In which Winslet should gather, not blather.

Printed 23/01/09

It shouldn’t have been too hard. Considering it’s something we all practice about once a week in the shower, mentally draft during meetings, scribble down during idle moments on the back of napkins in pubs, you wouldn’t think an award acceptance speech would be such an easy thing to balls up.

I accept that there are many challenging areas of a celebrity’s life. It can’t be easy working those long studio hours, then rushing home to check the nanny hasn’t sold all your underwear on eBay. Or thinking up inanimate objects to name your offspring after (those not already purloined by Sarah Palin and family). Avoiding the paparazzi without spilling your Starbucks down your velour tracksuit. Not being accidentally caught in a photo that Heat can later rig up to look like an unfortunate nose-pick. It’s a tough life.

But how hard, really, is a thank-you speech? If Kate Winslet’s buttock-clenching dronefest at the Golden Globes last week was anything to go by, the answer is very.

And it’s surprising because Winslet’s one of the good ones. She can act. She eats cake. She doesn’t do Loreal ads. She never gets out of cars wearing no knickers. And she could definitely take Keira Knightley in a fight. But all of these attributes were swiftly wiped from all memory at the sight of her snivelling tearful thanks to her make-up lady over the podium like an over-caffeinated pageant queen.

Just the crying would have been forgiveable. After all, I’m a cryer. As someone who can’t watch the end of Cool Runnings without bawling like an infant, I am in no position to judge. Tears can actually be fairly humbling, provided you throw in some realistic hiccuping and snot sounds – they say ‘I’m human, I have feelings, and not so much botox that my chin can no longer wobble’. Like Halle and Gwyneth before her, Kate chose crying as the serious actress’s route to credibility, and a possible Kleenex campaign.

But crying AND waffling, that is unforgiveable. Crying, waffling and forgetting Angelina Jolie as she apologised to the losers. Not to mention ordering herself to ‘gather’ several times, like a headmistress announcing lacrosse results to a rowdy fourth form. And, my particular favourite, answering back to the ‘aaaand that’s all for now folks’ music with the words “You have no idea how much I am NOT wrapping up.” All before rounding off with a load of gushing professions of love to Leonardo Di Caprio, before shoe-horning her husband like an afterthought. Smooth.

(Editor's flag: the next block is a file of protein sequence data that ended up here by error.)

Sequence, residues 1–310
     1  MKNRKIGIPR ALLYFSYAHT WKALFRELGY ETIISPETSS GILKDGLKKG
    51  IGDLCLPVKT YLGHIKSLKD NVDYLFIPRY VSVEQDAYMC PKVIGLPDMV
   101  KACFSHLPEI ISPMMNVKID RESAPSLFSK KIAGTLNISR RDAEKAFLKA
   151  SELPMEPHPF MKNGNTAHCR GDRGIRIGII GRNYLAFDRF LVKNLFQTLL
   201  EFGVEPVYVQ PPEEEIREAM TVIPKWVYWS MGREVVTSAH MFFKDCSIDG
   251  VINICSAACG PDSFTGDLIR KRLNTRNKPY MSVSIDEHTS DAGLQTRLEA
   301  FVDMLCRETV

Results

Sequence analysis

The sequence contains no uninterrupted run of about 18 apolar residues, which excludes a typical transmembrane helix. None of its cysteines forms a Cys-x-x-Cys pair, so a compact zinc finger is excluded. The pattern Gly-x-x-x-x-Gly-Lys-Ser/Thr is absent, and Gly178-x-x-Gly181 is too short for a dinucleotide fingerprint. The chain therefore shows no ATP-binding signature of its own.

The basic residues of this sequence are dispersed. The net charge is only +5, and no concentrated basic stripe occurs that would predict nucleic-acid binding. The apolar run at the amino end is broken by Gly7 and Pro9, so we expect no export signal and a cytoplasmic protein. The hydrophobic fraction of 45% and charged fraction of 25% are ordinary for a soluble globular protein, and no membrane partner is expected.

But how, I know you’re asking, was she meant to do it? Is there really any good way to say "You're right, I am great" to the establishment, without ladelling on the faux humility like custard on a couture pudding?

Here's my plan: don't talk about the honour. Don't talk about the film. Don't thank anyone, don't offer any commiserations, and don't talk through the camera to your kids at home.

Instead, talk about the award.

It's an under-recognised part of the industry and it needs appreciating. I think I'd dedicate a good portion of my speech to the craftsmanship, the long hours put in to carving the elegant jutting pieces that might later skewer Tom Cruise somewhere embarrassing at an after-party. Then I'd compare the award to other, also very impressive, awards around at the time – like TV Quick (unrivalled sheen to the sturdy base) and Inside Soap (looking like an actual bubble of lather). Wonderful work.

So while the Oscar rumours keep on buzzing, let's see if Kate can "gather" herself suitably for another go.

If in doubt love, make the little gold man do a dance for the audience. And when the music starts, wrap up. There's a good girl.